So, it was expected that the Blues would at least sign a new striker in January. However, not a single player has arrived. To make matters worse, they also lost Tariq Lamptey and Clinton Mola, two academy players they were desperate to retain.

Lampard's frustration was obvious on deadline day, with the manager arguing that Chelsea are now "underdogs" in the battle for fourth despite having a six-point cushion over United, Tottenham and Wolves.

"It's clear that we wanted to bring players in," he acknowledged. "I certainly wanted to bring players in. I think I’ve made that pretty clear over the last few weeks and it hasn’t happened."

Lampard isn't the only one bitterly disappointed by Chelsea's inability to sign either Dries Mertens, who only has six months left on his Napoli contract, or wantaway Paris Saint-Germain striker Edinson Cavani.

Olivier Giroud was desperate to leave Stamford Bridge and his hopes of representing France at Euro 2020 are now in serious jeopardy, given he has rarely featured under Lampard.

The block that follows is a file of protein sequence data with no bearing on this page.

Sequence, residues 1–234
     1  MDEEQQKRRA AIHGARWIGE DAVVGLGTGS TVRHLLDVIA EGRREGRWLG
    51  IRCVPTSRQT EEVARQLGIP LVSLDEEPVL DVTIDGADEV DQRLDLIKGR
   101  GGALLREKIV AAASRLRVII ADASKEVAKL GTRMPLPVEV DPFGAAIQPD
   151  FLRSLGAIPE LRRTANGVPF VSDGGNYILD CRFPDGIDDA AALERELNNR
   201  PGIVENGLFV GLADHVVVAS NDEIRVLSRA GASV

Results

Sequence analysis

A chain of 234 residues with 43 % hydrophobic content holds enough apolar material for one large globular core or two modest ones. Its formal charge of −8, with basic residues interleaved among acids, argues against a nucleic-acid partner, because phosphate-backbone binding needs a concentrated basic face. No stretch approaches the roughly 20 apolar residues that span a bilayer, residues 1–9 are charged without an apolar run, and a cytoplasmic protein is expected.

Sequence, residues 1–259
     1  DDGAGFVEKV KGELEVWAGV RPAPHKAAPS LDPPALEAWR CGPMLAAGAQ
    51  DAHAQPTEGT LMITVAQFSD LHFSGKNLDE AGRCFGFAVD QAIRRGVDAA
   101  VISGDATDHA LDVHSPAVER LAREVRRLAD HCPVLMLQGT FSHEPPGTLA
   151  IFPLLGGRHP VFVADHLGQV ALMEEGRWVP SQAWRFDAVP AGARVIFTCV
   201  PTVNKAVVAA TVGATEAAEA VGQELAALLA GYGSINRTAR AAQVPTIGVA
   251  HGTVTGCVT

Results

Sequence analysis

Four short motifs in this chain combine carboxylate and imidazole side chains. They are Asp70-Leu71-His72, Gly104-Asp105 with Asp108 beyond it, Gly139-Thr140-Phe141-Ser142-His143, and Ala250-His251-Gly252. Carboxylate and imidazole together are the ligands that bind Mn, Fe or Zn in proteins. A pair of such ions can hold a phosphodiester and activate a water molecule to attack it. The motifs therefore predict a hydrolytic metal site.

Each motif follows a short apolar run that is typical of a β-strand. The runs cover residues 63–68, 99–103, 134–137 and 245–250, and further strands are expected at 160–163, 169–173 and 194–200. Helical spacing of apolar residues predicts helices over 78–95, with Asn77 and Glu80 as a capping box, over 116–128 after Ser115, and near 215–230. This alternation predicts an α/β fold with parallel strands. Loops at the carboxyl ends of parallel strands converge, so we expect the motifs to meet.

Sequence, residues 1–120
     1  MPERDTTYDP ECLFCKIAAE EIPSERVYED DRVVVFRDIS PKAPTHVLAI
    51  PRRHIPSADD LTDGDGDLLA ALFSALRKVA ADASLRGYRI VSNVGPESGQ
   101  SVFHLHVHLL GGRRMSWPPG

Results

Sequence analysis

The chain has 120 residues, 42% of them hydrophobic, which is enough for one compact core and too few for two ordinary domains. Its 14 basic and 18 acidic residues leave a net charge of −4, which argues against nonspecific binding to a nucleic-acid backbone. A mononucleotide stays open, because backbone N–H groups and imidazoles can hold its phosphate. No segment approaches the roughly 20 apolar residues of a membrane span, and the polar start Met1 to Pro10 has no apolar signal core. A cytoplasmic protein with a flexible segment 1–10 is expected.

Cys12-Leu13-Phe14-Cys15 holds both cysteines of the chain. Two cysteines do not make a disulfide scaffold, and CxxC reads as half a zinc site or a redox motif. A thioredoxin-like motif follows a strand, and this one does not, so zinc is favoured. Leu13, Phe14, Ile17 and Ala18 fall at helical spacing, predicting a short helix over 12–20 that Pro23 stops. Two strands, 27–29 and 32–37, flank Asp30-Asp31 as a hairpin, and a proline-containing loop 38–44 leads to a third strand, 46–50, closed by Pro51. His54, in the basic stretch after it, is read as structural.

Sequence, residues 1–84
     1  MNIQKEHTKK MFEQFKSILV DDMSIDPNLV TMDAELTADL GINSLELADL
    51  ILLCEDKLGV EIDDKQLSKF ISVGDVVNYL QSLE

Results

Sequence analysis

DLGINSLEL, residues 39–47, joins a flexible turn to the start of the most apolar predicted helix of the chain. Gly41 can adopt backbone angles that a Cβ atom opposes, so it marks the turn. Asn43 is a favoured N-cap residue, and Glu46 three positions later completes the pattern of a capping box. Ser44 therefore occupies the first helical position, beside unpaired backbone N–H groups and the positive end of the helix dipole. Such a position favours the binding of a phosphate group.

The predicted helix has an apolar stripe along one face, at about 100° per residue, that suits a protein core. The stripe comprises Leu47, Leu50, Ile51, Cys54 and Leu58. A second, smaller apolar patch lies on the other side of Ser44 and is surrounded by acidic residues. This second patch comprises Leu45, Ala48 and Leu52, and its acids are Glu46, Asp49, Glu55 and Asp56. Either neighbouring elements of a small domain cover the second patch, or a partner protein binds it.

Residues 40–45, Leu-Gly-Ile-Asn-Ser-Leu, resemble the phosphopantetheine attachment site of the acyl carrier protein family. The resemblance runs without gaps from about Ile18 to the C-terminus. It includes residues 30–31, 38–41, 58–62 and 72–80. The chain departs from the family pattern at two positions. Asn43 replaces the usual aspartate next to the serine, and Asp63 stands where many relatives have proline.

Former Chelsea boss Antonio Conte was hoping to be reunited with Giroud at Inter but the Blues refused to let the 33-year-old leave without having signed a replacement.

Cavani would have made for an excellent addition and would have been open to a transfer after seeing his preferred move to Atletico Madrid collapse.

In the end, though, this transfer merry-go-round never got going. A knock-on effect that would have suited everyone involved has left nobody happy.

Losers: Red Bull Salzburg